Under New Jersey law, anyone authorized to write a check can issue a stop payment order. A stop payment order tells the bank that it should not honor a check already written and given to someone, but not yet cashed.
In New Jersey, a stop payment order is effective for six months. However, if the stop payment order was verbally conveyed to the bank, it will lapse after fourteen days unless the customer confirms the order in writing within the fourteen day period. Then the customer may extend it for another six months by submitting a written request within the first six months.
However, New Jersey law does not require check cashing companies to investigate every check for possible stop payment orders. For instance, the Superior Court of New Jersey ruled that any claim that a check cashing company failed to conduct due diligence is unlikely to succeed because it is commercially unreasonable for companies to inquire about possible stop payment orders on every single check. It is enough for the company to see that the amount is small, the person has cashed similar checks from the same source, the person shows identification, and there are sufficient funds in the account.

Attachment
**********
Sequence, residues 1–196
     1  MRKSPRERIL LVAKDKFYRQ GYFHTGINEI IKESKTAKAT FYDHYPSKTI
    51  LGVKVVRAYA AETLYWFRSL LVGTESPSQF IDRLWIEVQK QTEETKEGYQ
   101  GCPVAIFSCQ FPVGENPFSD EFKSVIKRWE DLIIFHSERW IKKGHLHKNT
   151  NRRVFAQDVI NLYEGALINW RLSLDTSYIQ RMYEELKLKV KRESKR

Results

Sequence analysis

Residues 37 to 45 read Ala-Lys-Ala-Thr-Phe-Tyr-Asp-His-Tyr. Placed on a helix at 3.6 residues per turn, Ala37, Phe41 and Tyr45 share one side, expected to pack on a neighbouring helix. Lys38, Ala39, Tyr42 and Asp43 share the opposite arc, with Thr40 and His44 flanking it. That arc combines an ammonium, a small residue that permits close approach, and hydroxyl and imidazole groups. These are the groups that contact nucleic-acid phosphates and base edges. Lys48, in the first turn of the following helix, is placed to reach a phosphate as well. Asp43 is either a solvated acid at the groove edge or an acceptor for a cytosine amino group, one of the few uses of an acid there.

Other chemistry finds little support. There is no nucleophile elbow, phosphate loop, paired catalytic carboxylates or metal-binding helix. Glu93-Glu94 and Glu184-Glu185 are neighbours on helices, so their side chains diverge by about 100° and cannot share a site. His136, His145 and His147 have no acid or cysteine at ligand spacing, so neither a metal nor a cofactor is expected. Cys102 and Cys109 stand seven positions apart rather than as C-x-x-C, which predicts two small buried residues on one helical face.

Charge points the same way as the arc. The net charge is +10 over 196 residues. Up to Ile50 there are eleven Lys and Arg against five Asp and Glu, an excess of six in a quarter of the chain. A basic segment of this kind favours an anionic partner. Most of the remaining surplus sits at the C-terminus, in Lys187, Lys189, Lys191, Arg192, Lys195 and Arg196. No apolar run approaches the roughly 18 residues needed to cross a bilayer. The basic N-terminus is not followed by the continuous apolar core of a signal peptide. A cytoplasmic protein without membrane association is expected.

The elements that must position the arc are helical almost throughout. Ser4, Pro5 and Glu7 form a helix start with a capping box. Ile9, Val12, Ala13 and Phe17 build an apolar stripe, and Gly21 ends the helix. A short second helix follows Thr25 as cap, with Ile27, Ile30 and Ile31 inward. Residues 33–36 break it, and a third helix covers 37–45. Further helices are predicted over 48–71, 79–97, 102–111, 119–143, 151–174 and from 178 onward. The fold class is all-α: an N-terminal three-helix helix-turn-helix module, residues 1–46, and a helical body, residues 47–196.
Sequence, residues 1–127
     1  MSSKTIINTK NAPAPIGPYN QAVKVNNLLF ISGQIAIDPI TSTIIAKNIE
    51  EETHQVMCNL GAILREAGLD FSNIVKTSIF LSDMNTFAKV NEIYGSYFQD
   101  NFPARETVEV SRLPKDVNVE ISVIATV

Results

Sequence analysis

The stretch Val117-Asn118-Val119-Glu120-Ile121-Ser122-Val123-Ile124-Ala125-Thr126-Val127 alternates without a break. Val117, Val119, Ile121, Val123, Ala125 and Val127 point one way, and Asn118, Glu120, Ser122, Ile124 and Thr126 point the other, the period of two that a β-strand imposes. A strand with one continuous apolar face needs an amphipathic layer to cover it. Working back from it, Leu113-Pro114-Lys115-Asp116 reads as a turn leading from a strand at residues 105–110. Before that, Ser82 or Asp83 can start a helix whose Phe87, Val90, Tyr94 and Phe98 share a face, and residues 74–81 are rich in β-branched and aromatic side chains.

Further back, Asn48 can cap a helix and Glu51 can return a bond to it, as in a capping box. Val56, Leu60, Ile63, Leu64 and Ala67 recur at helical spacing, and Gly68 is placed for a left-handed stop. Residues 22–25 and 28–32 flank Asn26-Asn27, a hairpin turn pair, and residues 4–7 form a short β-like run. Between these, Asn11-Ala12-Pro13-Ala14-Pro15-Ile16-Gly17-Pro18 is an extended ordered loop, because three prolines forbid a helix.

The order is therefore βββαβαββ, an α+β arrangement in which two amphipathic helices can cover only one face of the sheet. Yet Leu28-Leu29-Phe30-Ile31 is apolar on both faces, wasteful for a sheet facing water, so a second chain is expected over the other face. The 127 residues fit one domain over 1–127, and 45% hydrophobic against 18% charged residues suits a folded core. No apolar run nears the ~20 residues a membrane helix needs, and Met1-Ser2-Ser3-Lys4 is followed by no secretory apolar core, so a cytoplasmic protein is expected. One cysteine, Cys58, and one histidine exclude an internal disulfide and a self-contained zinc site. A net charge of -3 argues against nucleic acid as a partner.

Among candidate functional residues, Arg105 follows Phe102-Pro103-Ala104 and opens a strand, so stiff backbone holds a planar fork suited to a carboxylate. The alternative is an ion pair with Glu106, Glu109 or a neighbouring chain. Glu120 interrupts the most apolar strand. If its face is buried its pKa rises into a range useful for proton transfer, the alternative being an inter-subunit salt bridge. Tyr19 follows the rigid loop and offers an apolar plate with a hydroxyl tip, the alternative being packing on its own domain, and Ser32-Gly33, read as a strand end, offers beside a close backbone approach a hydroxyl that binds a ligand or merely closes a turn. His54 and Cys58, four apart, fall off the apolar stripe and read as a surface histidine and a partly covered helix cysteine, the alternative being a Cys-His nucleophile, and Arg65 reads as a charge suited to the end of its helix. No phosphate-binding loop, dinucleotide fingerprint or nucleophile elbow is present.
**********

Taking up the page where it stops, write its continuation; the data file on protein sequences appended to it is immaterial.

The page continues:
If there is something suspicious about the check, the law may require the check cashing company to call the bank or check-writer to ensure it is legitimate. However, without some clear sign of fraud or other suspicious circumstances (for instance if a person attempted to cash a check for a large sum of money or the names or amounts had been erased or altered) the company has no obligation to confirm the check’s validity and may proceed to cash the check.
If there is not clear fraud, a check may be cashed even after a stop payment order is properly issued. After the check cashing company cashed the check, however, the bank would refuse to pay it because of the stop payment order. However, this does not leave the check cashing company without recourse. The company may actually sue the writer of the check for payment – regardless of the stop payment order.
Check cashing companies are usually afforded the special status of “holders in due course” because they received the check for value. They buy checks from their customers, paying for the check based on their ability to obtain the same funds from the bank. As long as these companies are doing this in good faith, without any reason to believe the check has been dishonored or fraudulently made, then they become holders in due course.
A holder in due course is protected by New Jersey’s Uniform Commercial Code (“UCC”). This means the check cashing company can recover payment from the original source – the check-writer. Under these circumstances the check-writer must pay the holder in due course the amount of the check regardless of the stop payment order.
However, if the cashing service was careless in missing some forgery or other suspicious circumstances, then the check-writer would not be obligated to pay.
The attorneys at McLaughlin & Nardi are experienced with check cashing issues and New Jersey’s Uniform Commercial Code. To learn more about what we can do to help, please visit our website or contact one of our lawyers at (973) 890-0004.